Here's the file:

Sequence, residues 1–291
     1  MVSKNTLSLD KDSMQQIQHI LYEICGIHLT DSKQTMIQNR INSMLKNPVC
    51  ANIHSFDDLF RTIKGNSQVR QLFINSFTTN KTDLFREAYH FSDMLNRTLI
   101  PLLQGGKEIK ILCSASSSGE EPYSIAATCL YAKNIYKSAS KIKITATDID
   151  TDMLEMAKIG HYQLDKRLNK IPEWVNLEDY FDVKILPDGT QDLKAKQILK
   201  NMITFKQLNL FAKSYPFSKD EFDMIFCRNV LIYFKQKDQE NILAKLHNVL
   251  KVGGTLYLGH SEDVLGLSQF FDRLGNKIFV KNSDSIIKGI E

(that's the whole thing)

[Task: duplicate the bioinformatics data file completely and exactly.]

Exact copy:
Sequence, residues 1–291
     1  MVSKNTLSLD KDSMQQIQHI LYEICGIHLT DSKQTMIQNR INSMLKNPVC
    51  ANIHSFDDLF RTIKGNSQVR QLFINSFTTN KTDLFREAYH FSDMLNRTLI
   101  PLLQGGKEIK ILCSASSSGE EPYSIAATCL YAKNIYKSAS KIKITATDID
   151  TDMLEMAKIG HYQLDKRLNK IPEWVNLEDY FDVKILPDGT QDLKAKQILK
   201  NMITFKQLNL FAKSYPFSKD EFDMIFCRNV LIYFKQKDQE NILAKLHNVL
   251  KVGGTLYLGH SEDVLGLSQF FDRLGNKIFV KNSDSIIKGI E